When you invest in property (building, machinery, furniture, vehicle, etc.), the government doesn't let you "expense" it. Rather you have to put it into an asset account, cash / amt- property / amt+ , and depreciate it over it's "economic life" (which the government — not you — defines, and which they lengthen whenever they need a little more tax revenue — which is often).
Depreciation is a curse on small business — one that every small business suffers with. Government acts like your partner — after all, they are taking 50% of your profits (in taxes — city, state, federal). And for all the things they let you expense, they're picking up half the costs. But for things you have to depreciate, they shift the cost burden onto you. In the year you buy, say a building (30-year economic life), you pick up the full cost of that building — and they pick up 1/30!
And they'll argue that's "fair". They don't see themselves as your "partner". (Too bad, because if they did, we'd have a much more booming small business economy.) Instead, they look at your business simply as an economic entity. If they let you expense that building, it wouldn't show up on your Balance Sheet. The "book" value of your entity would drop by the price of the building, whereas the "real" value of the entity didn't drop at all — all you did was shift the money from your cash account into a building account — both asset accounts.
The answer, of course, is for the government to let you keep your books according to "accepted accounting standards" — but tax your property purchases on a cash basis. But, of course, that's too complicated — but the myriad, ever-changing depreciation schedules aren't?!
Anyway... One thing we've been able to count on (at least so far) is that they don't change depreciation schedules in mid-stream. Your depreciation schedule (i.e., the portion of your property purchases that you can expense each year) is established (and fixed) in the year of purchase. We know for our building, for example, that we can expense 1/30 of its purchase price each year for the next 30 years.
So we set up accounts for categories of properties that will be depreciated alike (at least this year) — buildings, building equipment, machinery & equipment, furniture & fixtures, vehicles, etc. At end of year, we compute a depreciation schedule for each category and expense what we're allowed, building-depreciation / amt– depreciation-expense / amt+ building-equipment-depreciation / amt– depreciation-expense / amt+ , etc. And we hold onto those schedules — in a Depreciation folder — so we know what to expense in subsequent years.
A problem comes about when we sell one of those properties. Let's say 5 years downstream, we sell that building. And let's say we sold it at the price we paid for it. But we've been depreciating it for 5 years — its present value on our books is only 25/30 of its purchase price. So we have a gain-on-sale of 5/30 of it's purchase price. That's revenue, cash / amt+ building / amt– building-depreciation / amt+ other-revenue / amt– .
And we can't take any more depreciation on it so we have to back it out of our depreciation schedule. Now that's do-able if we set up our categorized depreciation schedules well. But there's still lots of room for error and confusion — especially as you accumulate more property. Remember, "property" includes desks, chairs, benches, file cabinets, computer equipment, etc.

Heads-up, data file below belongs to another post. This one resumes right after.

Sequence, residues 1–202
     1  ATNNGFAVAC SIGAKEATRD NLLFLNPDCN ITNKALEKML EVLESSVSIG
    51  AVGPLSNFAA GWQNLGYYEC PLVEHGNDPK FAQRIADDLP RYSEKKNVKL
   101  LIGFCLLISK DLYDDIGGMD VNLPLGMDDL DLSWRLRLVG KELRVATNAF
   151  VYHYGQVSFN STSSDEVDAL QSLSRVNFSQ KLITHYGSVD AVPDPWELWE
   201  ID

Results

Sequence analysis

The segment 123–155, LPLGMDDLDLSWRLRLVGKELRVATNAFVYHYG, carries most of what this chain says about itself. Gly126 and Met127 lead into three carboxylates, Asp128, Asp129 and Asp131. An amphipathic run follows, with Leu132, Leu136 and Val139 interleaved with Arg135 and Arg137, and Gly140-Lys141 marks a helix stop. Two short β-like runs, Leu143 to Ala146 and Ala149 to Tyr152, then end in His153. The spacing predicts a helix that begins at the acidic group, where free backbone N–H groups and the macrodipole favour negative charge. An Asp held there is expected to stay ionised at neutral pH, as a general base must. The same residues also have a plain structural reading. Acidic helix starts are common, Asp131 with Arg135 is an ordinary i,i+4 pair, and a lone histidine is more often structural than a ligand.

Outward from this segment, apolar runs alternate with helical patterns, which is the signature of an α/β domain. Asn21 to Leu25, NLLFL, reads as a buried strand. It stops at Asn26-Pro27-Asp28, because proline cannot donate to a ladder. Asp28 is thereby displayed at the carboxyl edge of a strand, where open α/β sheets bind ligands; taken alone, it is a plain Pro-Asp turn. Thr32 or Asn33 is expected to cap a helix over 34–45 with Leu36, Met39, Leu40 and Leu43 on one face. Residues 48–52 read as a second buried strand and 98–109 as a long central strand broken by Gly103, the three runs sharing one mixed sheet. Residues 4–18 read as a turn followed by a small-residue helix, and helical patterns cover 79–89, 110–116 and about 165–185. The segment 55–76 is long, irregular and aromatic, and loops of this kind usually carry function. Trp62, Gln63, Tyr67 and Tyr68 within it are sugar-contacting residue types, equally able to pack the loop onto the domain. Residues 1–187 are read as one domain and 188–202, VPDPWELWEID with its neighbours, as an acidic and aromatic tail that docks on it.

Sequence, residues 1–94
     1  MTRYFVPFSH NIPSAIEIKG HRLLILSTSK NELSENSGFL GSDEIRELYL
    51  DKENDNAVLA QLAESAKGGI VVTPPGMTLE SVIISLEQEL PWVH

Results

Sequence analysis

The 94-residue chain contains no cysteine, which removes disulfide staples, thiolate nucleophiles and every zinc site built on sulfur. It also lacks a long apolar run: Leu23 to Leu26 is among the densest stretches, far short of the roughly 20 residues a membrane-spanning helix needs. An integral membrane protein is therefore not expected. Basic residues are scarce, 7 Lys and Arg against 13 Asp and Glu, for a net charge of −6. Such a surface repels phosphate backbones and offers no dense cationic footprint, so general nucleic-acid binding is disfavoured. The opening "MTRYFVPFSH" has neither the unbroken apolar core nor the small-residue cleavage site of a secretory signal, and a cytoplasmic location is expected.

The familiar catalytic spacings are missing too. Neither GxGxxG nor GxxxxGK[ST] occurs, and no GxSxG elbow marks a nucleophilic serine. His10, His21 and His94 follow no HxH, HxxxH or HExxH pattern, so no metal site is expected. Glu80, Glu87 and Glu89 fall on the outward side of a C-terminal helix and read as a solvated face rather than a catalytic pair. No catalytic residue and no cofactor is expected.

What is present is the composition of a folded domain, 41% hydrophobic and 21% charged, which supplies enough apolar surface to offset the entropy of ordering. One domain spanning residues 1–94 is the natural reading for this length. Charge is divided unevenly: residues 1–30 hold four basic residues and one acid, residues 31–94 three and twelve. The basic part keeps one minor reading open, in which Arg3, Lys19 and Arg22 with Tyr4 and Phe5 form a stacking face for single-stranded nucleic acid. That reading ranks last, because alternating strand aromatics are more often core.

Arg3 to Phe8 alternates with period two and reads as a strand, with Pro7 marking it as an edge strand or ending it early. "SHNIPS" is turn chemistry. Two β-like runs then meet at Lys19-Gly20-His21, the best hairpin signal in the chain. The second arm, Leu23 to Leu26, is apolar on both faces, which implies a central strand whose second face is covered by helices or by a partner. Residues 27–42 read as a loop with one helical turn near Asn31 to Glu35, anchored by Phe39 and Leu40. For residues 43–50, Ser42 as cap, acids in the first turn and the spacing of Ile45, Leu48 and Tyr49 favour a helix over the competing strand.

I recommend just biting the bullet and setting up a separate depreciation schedule for each individual property. And also annotating the schedule sheet with a (sequential) property number — and marking the actual property with that number. Store these sheets in folders, one folder per category. Then when you dispose of a piece of property, you only have to annotate that one schedule (and move the sheet to an "inactive" section of the folder). To compute depreciation for the year, you just go through the "active" section of the folder and total up all the amounts listed for the current year.
One possible format for these schedules is, <property-number> <physical-location> <purchase-date> <depreciation-method> <purchase-price> <description>, followed by the schedule, <year> <depreciation-expense>, <year> <depreciation-expense>, etc. <Depreciation-method> is just a shorthand description of the method used to compute the depreciation-expense numbers that follow, e.g., 30-year straight line (30sl), 5-year declining balance (5db), 7-year declining balance (7db), etc.
When you sell or dispose of a property, annotate the depreciation-expense line in the year of sale with the selling price (zero if scrapped) and cross-out all following depreciation-expense lines. This gives you all the data you need to compile a source document for your depreciation transactions — property schedule with prior and current year's depreciation, property added during the year, property disposed of during the year and gain-on-sale of disposed properties.
If you keep these schedules in a computer file, scripts or programs can calculate the depreciation-expense numbers (filling in that portion of the file), compile and print out your depreciation source document, compile a property schedule by physical location (e.g., for personal property tax backup), etc.
One final note — do you really have to depreciate all property? Even an old desk you bought for, say $25? No. The government lets you just expense property whose cost isn't "significant" — of course they don't define "significant" — hey, they gotta have some things to catch on audit. I used to use $300 — property costing less than $300, I'd expense — more than $300, I'd depreciate — and never had IRS audit problems with it. (Of course, I may have just been lucky.) Ask your tax preparer what number they'd feel comfortable defending.